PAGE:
March 30, 2010

YouTube stars! Gifford Children's Choir get worldwide acclaim with Internet video

A local elementary school's choir is an Internet sensation.

The Gifford Children's Choir's performance of a song from a popular video game has spread around the world since it was posted on YouTube two days ago. The kids sing the song "Still Alive" by Jonathon Coulton from the credits of the game Portal.

Director Jon Senzig posted the video on his YouTube channel on Sunday. Since then, the video has attracted more than 186,000 293,000 views, more than 1,000 1,300 comments and dozens of blog posts around the world. People from Germany, Australia, Poland and India were among the viewers, and nearly 4,000 4,900 people labeled it a "favorite."

Senzig writes about the song and video post on his own blog here. Here's how he picked the song:
 I am a video game addict and fell off the wagon to play Portal.  My son kept telling me it was such an amazing game but I had to wait until I had 20 hours straight to play it because I knew I wouldn’t be able to stop.   Going to work with no sleep is no fun but I had to play it for “research” purposes. 
One of the reasons I chose this piece is because of the beautifully thin and pure quality the song calls for.  That is our usual tone color.
The Gifford Children's Choir is an all-volunteer choir that practices once a week for an hour and half before school. About 75 students between third and fifth graders are in the school's top choir, which performed "Still Alive" at Gifford Elementary on March 25. 

The choir sang the song in the dark and used flashlights to choreograph the show. Also, the soloist, a third-grader, wore a light-up dress designed by Gifford strings teacher Angela Janota-Peavler. Middle-schooler Hallie Senzig accompanied on bells, high-schooler Jeremy Peters played guitar and other adult volunteers contributed to the song. 

The Internet acclaim is the latest success for the choir, which, thanks to Senzig, has something of an international following. Senzig, with the support of the Dairy Statesman singing group, organized a competition last year to commission an original piece of music for the Gifford Children's Choir. Composers from around the world inquired about the contest, and entries were received from the U.S. and Brazil.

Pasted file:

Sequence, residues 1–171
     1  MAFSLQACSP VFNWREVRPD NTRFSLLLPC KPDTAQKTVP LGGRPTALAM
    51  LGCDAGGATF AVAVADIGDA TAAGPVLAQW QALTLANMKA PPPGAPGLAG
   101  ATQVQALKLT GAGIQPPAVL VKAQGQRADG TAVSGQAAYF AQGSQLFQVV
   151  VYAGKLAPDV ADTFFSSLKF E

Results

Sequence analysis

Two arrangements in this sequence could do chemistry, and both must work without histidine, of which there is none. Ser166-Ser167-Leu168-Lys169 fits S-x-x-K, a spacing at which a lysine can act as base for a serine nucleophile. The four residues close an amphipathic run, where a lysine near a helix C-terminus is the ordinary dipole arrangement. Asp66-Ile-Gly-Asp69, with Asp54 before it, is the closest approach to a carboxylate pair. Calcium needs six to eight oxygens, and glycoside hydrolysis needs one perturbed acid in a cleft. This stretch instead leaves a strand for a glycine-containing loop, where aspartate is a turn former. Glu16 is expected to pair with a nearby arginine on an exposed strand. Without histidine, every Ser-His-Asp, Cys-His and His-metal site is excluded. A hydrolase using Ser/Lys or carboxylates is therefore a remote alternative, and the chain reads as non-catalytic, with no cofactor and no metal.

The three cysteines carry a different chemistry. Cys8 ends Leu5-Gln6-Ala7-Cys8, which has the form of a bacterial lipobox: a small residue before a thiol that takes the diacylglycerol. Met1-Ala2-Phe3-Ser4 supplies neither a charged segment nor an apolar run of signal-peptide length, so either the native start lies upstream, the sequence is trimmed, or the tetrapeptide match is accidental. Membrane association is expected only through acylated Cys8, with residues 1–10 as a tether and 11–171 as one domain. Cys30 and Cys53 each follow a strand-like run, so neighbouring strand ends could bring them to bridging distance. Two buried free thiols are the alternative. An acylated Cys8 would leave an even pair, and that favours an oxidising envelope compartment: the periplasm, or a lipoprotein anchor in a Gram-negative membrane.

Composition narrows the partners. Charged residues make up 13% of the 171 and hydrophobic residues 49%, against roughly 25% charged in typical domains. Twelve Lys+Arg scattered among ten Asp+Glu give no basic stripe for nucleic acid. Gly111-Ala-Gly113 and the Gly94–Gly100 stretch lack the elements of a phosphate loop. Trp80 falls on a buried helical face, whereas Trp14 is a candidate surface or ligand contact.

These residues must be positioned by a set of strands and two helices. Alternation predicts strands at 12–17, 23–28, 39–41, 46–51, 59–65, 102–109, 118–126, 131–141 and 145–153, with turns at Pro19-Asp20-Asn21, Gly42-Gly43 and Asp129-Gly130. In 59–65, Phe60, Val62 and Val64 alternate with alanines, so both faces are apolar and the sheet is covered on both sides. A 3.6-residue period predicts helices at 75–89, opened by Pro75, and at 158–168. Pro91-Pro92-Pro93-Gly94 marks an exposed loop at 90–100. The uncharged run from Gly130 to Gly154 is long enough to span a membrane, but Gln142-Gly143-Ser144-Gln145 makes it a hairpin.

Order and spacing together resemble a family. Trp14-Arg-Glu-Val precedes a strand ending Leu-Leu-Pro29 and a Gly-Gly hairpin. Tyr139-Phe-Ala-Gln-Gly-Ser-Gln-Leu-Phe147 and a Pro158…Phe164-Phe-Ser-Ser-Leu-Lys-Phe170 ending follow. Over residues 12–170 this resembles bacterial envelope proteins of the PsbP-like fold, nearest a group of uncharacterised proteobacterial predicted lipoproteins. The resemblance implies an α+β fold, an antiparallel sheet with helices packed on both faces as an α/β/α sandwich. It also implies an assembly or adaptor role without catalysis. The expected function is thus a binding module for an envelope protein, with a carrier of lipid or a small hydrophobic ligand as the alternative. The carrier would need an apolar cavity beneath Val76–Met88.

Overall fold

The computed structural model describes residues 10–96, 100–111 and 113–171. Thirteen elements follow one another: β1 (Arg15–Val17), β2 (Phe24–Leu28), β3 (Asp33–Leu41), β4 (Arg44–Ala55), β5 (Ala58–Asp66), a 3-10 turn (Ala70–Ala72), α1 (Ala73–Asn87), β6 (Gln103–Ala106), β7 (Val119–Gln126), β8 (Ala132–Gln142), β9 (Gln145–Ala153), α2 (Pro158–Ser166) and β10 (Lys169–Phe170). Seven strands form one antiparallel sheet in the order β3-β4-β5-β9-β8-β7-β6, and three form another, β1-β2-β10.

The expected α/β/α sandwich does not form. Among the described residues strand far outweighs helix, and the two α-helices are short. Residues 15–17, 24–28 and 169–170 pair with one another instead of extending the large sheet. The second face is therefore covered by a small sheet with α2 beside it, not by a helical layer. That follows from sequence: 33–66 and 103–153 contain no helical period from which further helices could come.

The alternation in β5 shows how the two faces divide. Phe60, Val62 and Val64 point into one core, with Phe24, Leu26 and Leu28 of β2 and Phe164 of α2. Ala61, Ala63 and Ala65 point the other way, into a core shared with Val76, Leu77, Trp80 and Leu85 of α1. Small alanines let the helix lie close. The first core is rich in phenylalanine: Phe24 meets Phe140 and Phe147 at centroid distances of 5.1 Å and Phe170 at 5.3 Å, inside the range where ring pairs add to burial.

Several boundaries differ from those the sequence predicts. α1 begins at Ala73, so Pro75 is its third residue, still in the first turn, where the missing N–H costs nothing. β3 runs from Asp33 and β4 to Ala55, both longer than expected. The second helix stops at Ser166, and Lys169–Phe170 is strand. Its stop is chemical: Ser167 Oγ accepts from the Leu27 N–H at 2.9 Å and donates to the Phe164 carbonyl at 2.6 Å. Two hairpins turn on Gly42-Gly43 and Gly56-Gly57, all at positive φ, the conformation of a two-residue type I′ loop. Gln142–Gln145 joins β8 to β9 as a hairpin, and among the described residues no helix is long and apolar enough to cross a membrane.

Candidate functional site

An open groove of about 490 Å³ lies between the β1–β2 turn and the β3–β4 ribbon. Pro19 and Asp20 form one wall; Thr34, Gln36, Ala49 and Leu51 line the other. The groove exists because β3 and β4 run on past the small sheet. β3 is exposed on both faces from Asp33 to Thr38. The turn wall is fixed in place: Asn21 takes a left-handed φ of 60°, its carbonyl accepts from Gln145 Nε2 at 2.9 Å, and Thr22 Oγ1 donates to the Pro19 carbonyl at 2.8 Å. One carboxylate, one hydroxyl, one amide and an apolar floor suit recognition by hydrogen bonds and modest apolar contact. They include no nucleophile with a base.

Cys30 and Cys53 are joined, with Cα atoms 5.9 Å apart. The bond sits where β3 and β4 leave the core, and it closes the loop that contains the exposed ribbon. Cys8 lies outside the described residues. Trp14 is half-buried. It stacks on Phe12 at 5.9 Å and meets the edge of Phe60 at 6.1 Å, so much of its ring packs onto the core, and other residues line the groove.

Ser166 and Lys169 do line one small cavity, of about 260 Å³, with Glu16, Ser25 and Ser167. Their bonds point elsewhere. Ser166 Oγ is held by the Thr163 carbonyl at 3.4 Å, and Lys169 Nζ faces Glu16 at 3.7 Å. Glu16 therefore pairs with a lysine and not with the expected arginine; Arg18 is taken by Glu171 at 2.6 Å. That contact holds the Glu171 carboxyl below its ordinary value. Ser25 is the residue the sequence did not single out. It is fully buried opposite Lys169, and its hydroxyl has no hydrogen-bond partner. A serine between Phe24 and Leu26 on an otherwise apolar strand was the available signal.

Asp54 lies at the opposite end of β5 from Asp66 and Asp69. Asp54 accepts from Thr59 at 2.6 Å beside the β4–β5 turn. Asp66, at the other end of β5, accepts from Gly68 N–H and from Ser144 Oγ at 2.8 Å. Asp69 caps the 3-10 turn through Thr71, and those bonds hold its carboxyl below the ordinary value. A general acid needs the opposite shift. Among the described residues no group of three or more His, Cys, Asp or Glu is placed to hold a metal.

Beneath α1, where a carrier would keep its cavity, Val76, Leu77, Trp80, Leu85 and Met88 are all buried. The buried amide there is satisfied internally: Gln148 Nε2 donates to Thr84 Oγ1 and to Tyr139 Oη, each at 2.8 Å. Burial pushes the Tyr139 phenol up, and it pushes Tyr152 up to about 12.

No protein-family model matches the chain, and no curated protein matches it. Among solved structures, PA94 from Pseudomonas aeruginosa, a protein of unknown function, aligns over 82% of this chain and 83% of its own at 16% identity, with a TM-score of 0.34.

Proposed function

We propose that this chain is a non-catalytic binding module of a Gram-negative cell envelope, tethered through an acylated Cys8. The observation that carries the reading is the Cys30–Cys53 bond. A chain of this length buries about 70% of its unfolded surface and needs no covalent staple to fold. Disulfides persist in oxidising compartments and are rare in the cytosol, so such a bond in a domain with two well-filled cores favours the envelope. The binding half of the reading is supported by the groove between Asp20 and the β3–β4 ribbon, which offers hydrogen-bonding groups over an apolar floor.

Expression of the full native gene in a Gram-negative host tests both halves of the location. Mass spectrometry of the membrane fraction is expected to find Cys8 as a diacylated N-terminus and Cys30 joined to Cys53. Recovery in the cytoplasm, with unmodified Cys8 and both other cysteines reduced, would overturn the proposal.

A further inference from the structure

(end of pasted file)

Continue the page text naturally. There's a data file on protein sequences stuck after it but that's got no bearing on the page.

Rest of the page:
A song by composer Harvey Sollberger was selected, and the choir debuted the composition at the Wisconsin Choral Directors Association's annual meeting in January. They were the only elementary school in the state to perform at the conference. 

Along with "Still Alive," which is a fairly simple choir piece, Senzig said his students perform high level compositions with three and four-part harmonies. At the school's concert last Thursday, where "Still Alive" was recorded, the choir performed three remarkably difficult pieces, Senzig said. 

"It was the hardest music I've ever done with kids," he said. "They really stretched for those performances." 

Local residents can get a chance to see the students perform "Still Alive" at UW-Parkside at 3:30 p.m. on May 2. The choir will also sing a song with the UW-Parkside choir and premiere a new piece by Alyssa Seversen of Eau Claire called “El Tiburron." Tickets for the show are $6 general admission, $4 for students, staff and seniors. For tickets, contact the Box Office at 595-2564 or email

All of the work done to organize and run the Gifford Children's Choir is volunteer, and the choir actually runs at a deficit to put on performances. Not even Senzig, who is a music teacher at the school, is paid to oversee the choir. 

Any contributions to help the Gifford Children's Choir are appreciated. If you are able to donate at this time, make checks out to Gifford School 8332 Northwestern Ave, Racine WI 53406 and turn them into me or the office with a note that it is a donation to “choir club.” Get a receipt and it should be tax deductible.

You can also donate to Senzig through PayPal at:

Update: Here's a video of the original song, which appears over the credits for the game "Portal" ...


  1. The cake is a lie!

    That being said, this was great.

  2. None of the following comment is an attack on good kids and their dedicated instructors. Even so, is this sort of thing education?

  3. No idea what this game is about - but the lyrics seem a bit much for a school performance. Perhaps I'll have to have a kid explain the game to me...

  4. Well done, It is proven that music helps kids learn core subjects like Math and Science. Guess some people are not as informed. Wonderful to see great things from schools other than the "precious".

  5. @11:07-- the article has a link to the Wikipedia entry for Portal, which gives you an overview of the game. It's a series of physics puzzles, for the most part.

  6. Great out-of-the-box thinking by the director of this choir!

  7. For those of you that know now what Portal is about, you play as a character that is trapped in an experimental facility. To survive, you have to get from point A to point B... all while avoiding lasers, turret guns, pitfalls and many other traps that will instantly kill you.

    While you are doing this, a computerized voice is telling you that your efforts are futile and you should just "give up". At one point, you come across an area where someone had obviously gone crazy and most likely took their own life.

    It's a great game that makes you think, but I don't see it as something that should be promoted to kids this young.